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Rethinking “re-birth”

Recently I was trying to explain the difference between re-becoming and re-birth, as I understand the terms. The latter term, in my opinion, is from a misunderstanding of the Buddha’s teaching, but it has become generally accepted, without reflection. The Paali term in question is “punabbhava”. You will not find the Buddha talking about “puna-jaati” at all in the Paali Canon. These days you can search the whole text for particular words or phrases using digital copies. Puna-jaati would be the Paali translation of “re-birth”. Punabbhava on the other hand, is often spoken about by the Buddha in the Paali texts and I think would be best translated “re-becoming”.

Due to all conditioned things being impermanent, it is impossible that something could experience the same birth again. No, each birth is different, or the being born each time, is different. Therefore a being could not have a “re-birth”. Of course one could be born as a human, angel, demon etcetera many times, but one would be (the birth would be) different each time.

If we understand “becoming” as a process which leads to birth, each time a different birth, we could see that the process of becoming could be the same each time. Therefore we can undergo the process many times, again and again, thus “re-becoming” or “again-becoming” leading to a different birth each time.

This can be likened to the process of cooking a cake. The process has to be repeated each time one wants to cook a cake. The ingredients may change a little depending on the type of cake one wanted, but even if we wanted to cook a banana cake every time, the resulting cake would never be the same as the one before. Though of course there would be basic similarities, otherwise we couldn’t call it a “banana” cake.

Thus we would have “re-becoming” leading to a different birth each time and many births [and deaths] in the cycling within Sa.msaara.

The common “translation” of the three knowledges includes such terms as “re-birth” and “past lives.” (See my previous post.) We should look closely at the text and put aside extra ideas, avoid reading our interpretations into the text. This is what a translator tries to avoid. When we avoid doing that we will see that “re-“ is not mentioned regarding “birth” and “lives” is not mentioned at all. Making such (minor?) changes or adjustments is very dangerous, because the Buddha said his teaching is very subtle. It is certainly not correct to translate the idea of “many past births”, which the Buddha spoke of in the first of the three knowledges, as “many past lives”. Even a renowned Paali scholar uses the term “re-birth” in translations dated 2005.

I’d encourage you all to stop practising Parrot Buddhism and start making a “thorough investigation” as the Buddha encouraged intelligent people to do. Of course, we may generally be doing so, but slip up on certain occasions, but if we have a highly respected position we must be very careful, as we could easily mislead people. Thus, I think it is always best to keep in mind, that we are not experts in Dhamma, even if we have PhD’s, until we are fully enlightened. Even then, the discourses say that those on the path only take the Buddha as the teacher. That leaves all the rest, including ourselves as good friends helping each other to understand the Buddha’s teaching.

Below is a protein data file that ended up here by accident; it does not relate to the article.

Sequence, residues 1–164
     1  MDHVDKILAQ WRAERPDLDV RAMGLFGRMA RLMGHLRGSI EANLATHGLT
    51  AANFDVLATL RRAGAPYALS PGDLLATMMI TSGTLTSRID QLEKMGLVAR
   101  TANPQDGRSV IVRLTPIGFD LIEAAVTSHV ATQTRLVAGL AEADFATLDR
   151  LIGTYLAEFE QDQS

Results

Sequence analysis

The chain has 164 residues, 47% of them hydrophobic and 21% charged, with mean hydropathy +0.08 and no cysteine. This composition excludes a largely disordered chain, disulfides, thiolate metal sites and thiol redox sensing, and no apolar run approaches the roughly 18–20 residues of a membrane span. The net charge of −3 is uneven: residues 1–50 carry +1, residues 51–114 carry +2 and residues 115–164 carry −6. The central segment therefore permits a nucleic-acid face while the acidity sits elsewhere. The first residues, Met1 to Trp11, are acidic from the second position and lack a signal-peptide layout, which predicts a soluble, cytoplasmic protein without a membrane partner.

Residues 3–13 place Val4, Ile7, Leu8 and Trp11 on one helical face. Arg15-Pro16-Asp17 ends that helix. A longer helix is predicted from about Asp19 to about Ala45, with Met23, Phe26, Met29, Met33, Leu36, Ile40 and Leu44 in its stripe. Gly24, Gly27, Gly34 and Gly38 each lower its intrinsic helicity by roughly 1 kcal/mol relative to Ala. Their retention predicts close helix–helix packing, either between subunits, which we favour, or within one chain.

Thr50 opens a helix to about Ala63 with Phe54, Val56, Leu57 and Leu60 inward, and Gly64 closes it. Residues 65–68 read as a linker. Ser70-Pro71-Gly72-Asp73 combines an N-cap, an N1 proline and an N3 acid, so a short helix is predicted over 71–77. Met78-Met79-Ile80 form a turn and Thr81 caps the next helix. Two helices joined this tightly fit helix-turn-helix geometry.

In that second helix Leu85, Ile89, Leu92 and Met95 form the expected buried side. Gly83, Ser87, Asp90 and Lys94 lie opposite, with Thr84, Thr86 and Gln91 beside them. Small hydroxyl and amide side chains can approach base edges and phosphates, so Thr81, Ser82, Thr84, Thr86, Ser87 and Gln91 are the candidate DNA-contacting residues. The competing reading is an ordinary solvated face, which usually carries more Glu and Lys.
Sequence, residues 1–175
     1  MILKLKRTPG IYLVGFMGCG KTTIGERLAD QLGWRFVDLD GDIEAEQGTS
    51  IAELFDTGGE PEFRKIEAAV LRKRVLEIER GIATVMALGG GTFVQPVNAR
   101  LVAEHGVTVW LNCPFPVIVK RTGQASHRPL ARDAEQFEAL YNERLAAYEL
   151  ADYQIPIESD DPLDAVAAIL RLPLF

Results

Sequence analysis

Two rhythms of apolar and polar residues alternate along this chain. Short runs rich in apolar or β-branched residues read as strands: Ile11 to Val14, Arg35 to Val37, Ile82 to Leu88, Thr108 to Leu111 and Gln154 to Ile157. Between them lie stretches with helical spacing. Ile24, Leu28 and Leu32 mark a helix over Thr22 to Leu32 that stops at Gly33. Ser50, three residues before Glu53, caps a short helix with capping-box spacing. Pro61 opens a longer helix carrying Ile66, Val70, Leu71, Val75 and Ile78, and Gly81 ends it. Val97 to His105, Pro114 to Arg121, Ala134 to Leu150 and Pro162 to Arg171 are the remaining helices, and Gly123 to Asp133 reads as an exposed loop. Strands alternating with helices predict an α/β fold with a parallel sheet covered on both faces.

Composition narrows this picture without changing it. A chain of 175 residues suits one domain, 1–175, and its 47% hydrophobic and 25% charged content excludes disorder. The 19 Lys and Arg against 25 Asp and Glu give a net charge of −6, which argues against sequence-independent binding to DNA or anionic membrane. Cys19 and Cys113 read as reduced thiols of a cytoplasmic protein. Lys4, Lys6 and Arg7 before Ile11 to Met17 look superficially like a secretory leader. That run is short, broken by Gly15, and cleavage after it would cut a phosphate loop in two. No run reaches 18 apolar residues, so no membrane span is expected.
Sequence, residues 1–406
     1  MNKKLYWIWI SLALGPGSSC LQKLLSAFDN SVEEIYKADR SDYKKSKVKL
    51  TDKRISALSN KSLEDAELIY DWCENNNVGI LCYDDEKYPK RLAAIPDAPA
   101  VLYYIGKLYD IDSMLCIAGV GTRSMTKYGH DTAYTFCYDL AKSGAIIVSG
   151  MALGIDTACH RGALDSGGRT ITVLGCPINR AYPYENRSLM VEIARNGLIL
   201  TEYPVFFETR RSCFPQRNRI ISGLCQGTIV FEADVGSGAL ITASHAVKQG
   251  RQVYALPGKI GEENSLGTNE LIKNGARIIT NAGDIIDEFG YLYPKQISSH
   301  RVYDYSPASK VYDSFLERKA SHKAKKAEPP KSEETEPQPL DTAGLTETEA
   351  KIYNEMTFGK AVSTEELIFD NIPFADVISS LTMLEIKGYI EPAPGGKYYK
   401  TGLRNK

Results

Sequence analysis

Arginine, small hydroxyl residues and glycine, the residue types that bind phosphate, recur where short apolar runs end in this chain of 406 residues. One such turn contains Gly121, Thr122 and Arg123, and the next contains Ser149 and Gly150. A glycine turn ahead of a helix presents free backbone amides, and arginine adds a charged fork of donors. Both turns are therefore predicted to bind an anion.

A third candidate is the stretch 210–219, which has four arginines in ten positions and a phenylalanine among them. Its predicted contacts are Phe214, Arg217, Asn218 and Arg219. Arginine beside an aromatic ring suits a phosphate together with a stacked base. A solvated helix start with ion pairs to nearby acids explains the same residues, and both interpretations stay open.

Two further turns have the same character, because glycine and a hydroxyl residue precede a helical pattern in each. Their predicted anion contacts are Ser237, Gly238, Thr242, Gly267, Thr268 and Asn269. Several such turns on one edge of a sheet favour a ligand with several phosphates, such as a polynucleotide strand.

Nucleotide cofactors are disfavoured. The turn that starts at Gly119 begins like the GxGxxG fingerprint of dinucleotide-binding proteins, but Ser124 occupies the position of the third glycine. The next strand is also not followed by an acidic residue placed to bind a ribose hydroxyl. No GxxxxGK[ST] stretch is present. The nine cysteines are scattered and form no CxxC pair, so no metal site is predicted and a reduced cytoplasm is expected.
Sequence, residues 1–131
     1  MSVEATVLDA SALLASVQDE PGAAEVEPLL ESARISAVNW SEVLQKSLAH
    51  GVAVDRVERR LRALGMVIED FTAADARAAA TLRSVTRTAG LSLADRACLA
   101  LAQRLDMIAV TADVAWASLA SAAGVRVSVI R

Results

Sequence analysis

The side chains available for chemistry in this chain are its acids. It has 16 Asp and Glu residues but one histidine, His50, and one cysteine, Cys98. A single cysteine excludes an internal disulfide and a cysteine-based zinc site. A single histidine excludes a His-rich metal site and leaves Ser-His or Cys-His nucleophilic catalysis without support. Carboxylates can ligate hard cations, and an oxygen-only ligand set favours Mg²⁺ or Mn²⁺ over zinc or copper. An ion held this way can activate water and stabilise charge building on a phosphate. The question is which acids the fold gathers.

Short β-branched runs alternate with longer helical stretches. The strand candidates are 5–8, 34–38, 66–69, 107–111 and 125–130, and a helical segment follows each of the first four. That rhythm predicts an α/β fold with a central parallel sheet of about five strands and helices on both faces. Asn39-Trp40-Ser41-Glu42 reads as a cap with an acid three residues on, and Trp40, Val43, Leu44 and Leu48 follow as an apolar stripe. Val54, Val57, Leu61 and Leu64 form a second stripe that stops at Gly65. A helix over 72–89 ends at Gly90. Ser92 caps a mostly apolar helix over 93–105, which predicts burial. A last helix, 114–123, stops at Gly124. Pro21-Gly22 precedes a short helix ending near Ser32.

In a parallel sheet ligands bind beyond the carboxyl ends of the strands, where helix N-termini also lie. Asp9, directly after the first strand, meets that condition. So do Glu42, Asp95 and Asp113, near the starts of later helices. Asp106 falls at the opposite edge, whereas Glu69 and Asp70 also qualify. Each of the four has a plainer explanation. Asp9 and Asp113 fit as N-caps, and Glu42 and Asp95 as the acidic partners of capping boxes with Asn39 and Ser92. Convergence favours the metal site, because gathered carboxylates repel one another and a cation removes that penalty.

2 responses

  1. As I try to become that expert in Dhamma, I have come to discover many things for myself…. for the cancelled ATBU conference I wrote on teaching dependent-origination to my boys – I use a story of becoming… as like: little boys see TV and a superhero (pick one!) is on… and they copy the actions, and pretend they are the HERO. In their minds they have ‘become’ the HERO, and they remain the hero until bored, and revert back to their conventional self – of course changed due to the new HERO experience. There is a continual processes of becoming and death. I teach (me as the father has died), I go home and become the father and husband (the teacher has died), sleep-wake-arrive at MCU as teacher (father/husband has died)… and the cycle of becoming continues… BUDDHISM, thus operates in the here-and-now circumstance…. –this is my perspective.

    March 22, 2012 at 7:44 pm

    • dhammadarsa

      Hi Dion

      Thanks for sharing your persective. I don’t see it quite the way you do, but generally yes. For me becoming is from when they determine to “be” the hero, then they gather the necessary things, like a cape and mask. When in their mind they have “become the hero” that for me is “birth” (becoming leads to birth) and it lasts, as you say, as long as they identify with (“being”) the hero (which include such “I am” conceit statements as “I’m the hero x”). I agree there is a continual process of becoming, that LEADS to BIRTH and DEATH, I don’t say there is a continual process of simply “becoming and death”.

      I only see the other examples you give as becoming and birth, IF there is identification with one’s behaviour/role, that is, “I am the father”, “I am the teacher (and you are the student, so you should listen to me…. etc)”. If one does not identify and sees it just as a role or behaviour, then one is psychologically open and can respond in an open way, not the fixed way “as a father”, “as a teacher” etc with all the limits or expectations one associates with those ways of being… “I should be like this, to be a good father” etc…

      Kind Regars

      March 22, 2012 at 8:05 pm

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